CultureEdit

Each of the many ethnic sub-groups in Madagascar adhere to their own set of beliefs, practices and ways of life that have historically contributed to their unique identities. However, there are a number of core cultural features that are common throughout the island, creating a strongly unified Malagasy cultural identity. In addition to a common language and shared traditional religious beliefs around a creator god and veneration of the ancestors, the traditional Malagasy worldview is shaped by values that emphasize fihavanana (solidarity), vintana (destiny), tody (karma), and hasina, a sacred life force that traditional communities believe imbues and thereby legitimates authority figures within the community or family. Other cultural elements commonly found throughout the island include the practice of male circumcision; strong kinship ties; a widespread belief in the power of magic, diviners, astrology and witch doctors; and a traditional division of social classes into nobles, commoners, and slaves. Although social castes are no longer legally recognized, ancestral caste affiliation often continues to affect social status, economic opportunity and roles within the community. Malagasy people traditionally consult Mpanandro ("Makers of the Days") to identify the most auspicious days for important events such as weddings or famadihana, according to a traditional astrological system introduced by Arabs. Similarly, the nobles of many Malagasy communities in the royal period would commonly employ advisers known as the ombiasy (from olona-be-hasina, "man of much virtue") of the southeastern Antemoro ethnic group, who trace their ancestry back to early Arab settlers.

The diverse origins of Malagasy culture are evident in its tangible expressions. The most emblematic instrument of Madagascar, the valiha, is a bamboo tube zither carried to Madagascar by early settlers from southern Borneo, and is very similar in form to those found in Indonesia and the Philippines today. Traditional houses in Madagascar are likewise similar to those of southern Borneo in terms of symbolism and construction, featuring a rectangular layout with a peaked roof and central support pillar. Reflecting a widespread veneration of the ancestors, tombs are culturally significant in many regions and tend to be built of more durable material, typically stone, and display more elaborate decoration than the houses of the living. The production and weaving of silk can be traced back to the island's earliest settlers, and Madagascar's national dress, the woven lamba, has evolved into a varied and refined art. The Southeast Asian cultural influence is also evident in Malagasy cuisine, in which rice is consumed at every meal, typically accompanied by one of a variety of flavorful vegetable or meat dishes. African influence is reflected in the sacred importance of zebu cattle and their embodiment of their owner's wealth, traditions originating on the African mainland. Cattle rustling, originally a rite of passage for young men in the plains areas of Madagascar where the largest herds of cattle are kept, has become a dangerous and sometimes deadly criminal enterprise as herdsmen in the southwest attempt to defend their cattle with traditional spears against increasingly armed professional rustlers.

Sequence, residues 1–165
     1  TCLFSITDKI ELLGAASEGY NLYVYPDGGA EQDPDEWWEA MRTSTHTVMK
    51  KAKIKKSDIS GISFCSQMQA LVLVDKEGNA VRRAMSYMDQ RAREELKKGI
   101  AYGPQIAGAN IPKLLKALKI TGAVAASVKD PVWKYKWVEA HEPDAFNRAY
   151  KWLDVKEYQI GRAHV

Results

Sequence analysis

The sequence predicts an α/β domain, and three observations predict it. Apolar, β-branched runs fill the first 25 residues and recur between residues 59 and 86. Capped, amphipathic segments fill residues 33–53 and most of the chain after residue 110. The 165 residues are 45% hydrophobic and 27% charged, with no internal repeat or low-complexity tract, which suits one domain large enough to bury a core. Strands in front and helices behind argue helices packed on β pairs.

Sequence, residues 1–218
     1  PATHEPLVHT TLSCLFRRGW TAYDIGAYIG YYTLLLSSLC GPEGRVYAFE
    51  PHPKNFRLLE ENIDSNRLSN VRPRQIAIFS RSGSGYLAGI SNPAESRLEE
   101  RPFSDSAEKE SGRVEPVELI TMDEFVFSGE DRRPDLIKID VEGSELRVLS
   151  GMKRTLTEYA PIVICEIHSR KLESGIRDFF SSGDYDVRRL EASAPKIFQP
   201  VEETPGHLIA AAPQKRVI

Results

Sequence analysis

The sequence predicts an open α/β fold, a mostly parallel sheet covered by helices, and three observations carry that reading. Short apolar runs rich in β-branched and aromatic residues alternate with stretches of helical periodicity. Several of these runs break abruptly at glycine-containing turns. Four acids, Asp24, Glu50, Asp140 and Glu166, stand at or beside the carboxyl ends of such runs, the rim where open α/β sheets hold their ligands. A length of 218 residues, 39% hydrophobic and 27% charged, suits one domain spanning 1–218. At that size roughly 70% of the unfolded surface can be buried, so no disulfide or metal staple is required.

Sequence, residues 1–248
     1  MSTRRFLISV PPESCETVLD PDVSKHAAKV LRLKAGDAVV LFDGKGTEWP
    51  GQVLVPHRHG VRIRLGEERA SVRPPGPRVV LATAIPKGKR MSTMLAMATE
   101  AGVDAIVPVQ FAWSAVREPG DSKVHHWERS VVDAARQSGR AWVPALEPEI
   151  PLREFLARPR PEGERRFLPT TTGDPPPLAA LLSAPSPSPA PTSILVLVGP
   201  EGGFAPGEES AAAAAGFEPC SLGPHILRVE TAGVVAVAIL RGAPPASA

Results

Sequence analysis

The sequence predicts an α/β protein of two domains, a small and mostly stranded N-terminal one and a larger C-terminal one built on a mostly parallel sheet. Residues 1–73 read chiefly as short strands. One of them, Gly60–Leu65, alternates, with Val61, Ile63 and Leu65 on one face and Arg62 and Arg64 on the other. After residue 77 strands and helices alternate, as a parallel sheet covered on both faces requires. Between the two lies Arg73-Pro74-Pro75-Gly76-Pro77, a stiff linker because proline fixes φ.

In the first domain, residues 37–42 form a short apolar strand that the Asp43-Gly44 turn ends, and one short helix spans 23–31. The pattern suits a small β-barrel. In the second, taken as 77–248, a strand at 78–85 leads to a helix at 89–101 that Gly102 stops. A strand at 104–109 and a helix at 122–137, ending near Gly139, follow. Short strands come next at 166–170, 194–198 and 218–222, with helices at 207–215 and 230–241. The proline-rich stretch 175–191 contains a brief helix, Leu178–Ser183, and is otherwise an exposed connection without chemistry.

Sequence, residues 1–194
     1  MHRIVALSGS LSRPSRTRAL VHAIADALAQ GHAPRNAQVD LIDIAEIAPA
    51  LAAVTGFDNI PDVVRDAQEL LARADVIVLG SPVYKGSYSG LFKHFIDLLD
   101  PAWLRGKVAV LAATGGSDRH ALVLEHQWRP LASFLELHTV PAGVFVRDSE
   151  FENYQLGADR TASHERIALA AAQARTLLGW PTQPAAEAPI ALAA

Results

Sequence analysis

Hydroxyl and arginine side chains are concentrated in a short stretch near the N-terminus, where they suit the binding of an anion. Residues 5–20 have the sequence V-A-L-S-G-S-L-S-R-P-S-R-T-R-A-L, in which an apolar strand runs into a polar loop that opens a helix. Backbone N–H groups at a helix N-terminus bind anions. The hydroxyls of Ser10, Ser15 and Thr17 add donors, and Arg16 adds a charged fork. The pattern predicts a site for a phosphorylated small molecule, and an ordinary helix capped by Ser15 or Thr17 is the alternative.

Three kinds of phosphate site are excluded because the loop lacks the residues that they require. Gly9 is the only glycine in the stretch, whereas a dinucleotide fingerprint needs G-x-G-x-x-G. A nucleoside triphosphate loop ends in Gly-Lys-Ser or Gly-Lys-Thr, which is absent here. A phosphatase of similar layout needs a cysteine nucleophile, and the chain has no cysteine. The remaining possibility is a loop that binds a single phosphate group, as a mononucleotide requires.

ArtsEdit